Signs of You had so much potential to be great. I tend to like books that deal with loss, so I had assumed that I would like this one. And, for the most part, I did like the parts that focused on coping with the lost of a loved one. That was the one aspect of Signs of You that I thought was mostly well done. It's everything else that lost me.
The whole St. Ignacious thing bored me to freaking tears. It was so, so underwhelming. In fact, the whole paranormal aspect of this book was underwhelming. It just never clicked for me. And seeing as how that's a big bulk of Signs of You, that means that the book as a whole never clicked for me. I was also bored by all of the main characters and disliked Riley for most of the book considering she spent most of her time worried about romance when real shit was going down. These characters just weren't engaging. The only characters I was interested in were Riley's dad and that out of college librarian with the Peter Pan collared shirt (who didn't have a name because she was barely in the book, but managed to be more interesting than everything and everyone else). Yeah, not good. I also didn't buy the whole romance thing that happened in the end considering that the MC spent most of her time infatuated with a whole other person.
Overall, I found Signs of You to be completely underwhelming. I was never engaged with the story and thought it dragged way too much (which is surprising given how short it is). And so my quest to read a YA novel that's not just okay/mediocre this summer continues....more
I wasn't expecting much from Watching Edie. I thought it was yet another mediocre mystery trying to cash in on the Gone Girl/Girl on the Train successI wasn't expecting much from Watching Edie. I thought it was yet another mediocre mystery trying to cash in on the Gone Girl/Girl on the Train success (which just goes to show you that comparing absolutely everything to those books is doing a disservice to current books). Boy, was I wrong! I found Watching Edie to be completely impressive.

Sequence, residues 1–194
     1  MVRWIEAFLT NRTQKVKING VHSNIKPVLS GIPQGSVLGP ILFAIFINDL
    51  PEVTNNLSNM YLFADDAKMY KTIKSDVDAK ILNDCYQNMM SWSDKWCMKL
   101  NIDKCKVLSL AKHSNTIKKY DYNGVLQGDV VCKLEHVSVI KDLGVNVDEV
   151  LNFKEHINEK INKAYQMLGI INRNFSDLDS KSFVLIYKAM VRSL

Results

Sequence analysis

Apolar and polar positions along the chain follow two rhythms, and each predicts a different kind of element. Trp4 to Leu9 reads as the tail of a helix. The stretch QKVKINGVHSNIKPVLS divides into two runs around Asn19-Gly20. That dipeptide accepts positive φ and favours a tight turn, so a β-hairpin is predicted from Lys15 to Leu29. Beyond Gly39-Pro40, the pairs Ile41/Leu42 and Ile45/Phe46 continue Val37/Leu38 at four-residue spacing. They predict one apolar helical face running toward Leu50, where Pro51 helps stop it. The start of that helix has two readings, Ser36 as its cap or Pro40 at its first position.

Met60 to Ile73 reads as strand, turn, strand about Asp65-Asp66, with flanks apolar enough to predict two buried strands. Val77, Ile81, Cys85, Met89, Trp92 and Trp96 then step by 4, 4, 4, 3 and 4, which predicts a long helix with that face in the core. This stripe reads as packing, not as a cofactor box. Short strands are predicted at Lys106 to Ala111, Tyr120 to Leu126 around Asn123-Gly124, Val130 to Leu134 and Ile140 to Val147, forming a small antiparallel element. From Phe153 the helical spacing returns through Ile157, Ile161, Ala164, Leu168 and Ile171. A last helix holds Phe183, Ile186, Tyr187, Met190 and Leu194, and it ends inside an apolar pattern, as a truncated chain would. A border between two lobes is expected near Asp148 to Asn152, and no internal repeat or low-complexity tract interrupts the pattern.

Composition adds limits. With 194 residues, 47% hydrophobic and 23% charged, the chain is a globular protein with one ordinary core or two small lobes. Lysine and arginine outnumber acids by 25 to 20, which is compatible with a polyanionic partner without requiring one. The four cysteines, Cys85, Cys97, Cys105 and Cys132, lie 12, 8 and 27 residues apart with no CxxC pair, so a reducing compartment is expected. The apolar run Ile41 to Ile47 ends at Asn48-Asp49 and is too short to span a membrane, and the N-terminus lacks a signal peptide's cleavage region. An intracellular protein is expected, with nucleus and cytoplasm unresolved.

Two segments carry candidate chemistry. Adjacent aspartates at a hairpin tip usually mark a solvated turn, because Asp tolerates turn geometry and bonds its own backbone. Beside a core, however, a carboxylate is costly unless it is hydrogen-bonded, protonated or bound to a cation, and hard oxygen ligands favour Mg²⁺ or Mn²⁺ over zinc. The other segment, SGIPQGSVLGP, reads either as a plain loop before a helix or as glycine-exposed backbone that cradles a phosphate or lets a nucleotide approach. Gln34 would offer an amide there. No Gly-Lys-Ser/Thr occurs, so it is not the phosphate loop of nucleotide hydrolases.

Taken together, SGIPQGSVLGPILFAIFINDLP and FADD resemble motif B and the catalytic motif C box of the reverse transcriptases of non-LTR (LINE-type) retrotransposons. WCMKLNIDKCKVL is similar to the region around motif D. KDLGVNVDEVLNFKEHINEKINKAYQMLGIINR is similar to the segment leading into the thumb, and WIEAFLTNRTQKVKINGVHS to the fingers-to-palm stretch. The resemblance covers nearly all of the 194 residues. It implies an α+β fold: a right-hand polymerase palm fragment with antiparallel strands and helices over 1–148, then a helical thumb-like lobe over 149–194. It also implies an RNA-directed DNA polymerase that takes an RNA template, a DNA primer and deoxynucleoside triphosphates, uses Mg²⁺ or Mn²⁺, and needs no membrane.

Again, when I started this book, I expected it to be knock-offs of the above books. And so, I read two chapters of Watching Edie about 3 weeks ago, put it down, and have been dreading picking it up. Finally, I picked it up because I wanted to get it over with. And once I picked it up again, I read it right on through. Because this book was incredibly engaging. It was an extreme page-turner. It was also a bit on the short side. But I liked that about it. I've read countless mysteries that drag on too long and try to throw twist after twist into a story to justify all those pages. Watching Edie is nothing like this. It was short and not overly complicated with the twists that make absolutely no sense and require you to suspend belief on things that happened. That's a win for me.
I do have to say that I did not see the ending "twist" coming. While it was somewhat shocking, it wasn't explosive like some other books. However, it definitely left me with a feeling reminiscent of "Dude, that is just all shades of FUCKED. UP." And I like books like that. Gah. This ending was just so haunting for me.
Overall, I was highly impressed with Watching Edie. It was an engaging page-turner with a great ending and great characters. Highly recommended.
It has been a WHILE since a book has blown my mind the way Confessions did. Seriously, my last five star read was in February and since then, I've reaIt has been a WHILE since a book has blown my mind the way Confessions did. Seriously, my last five star read was in February and since then, I've read a few good (not great) books and a slew of average and below average books. But Confessions was like a breath of fresh air. I don't think a book has ever made me say "WTF? WTF! W....T....F...." so many times and in so many different ways the way this book did.
I didn't know much about Confessions before I picked it up. I had obviously read a bit of the synopsis (enough to convince me to buy it), but I didn't check out any reviews or anything like that. In fact, I didn't even realize that this book had shifting narratives and was a bit disheartened at this when I realized. But I had no reason to worry because the shifting narratives made this book the rich experience that it was.
Confessions was such a haunting and gripping read. I'm trying to think of more to say, but I can't. I just can't fully express how great this book was. How jaw-dropping the events that occurred were. How fucking brilliant the last few paragraphs were that I just laughed, not because it was funny, but because I couldn't fucking believe it. GAH! Just read Confessions. You definitely won't regret it....more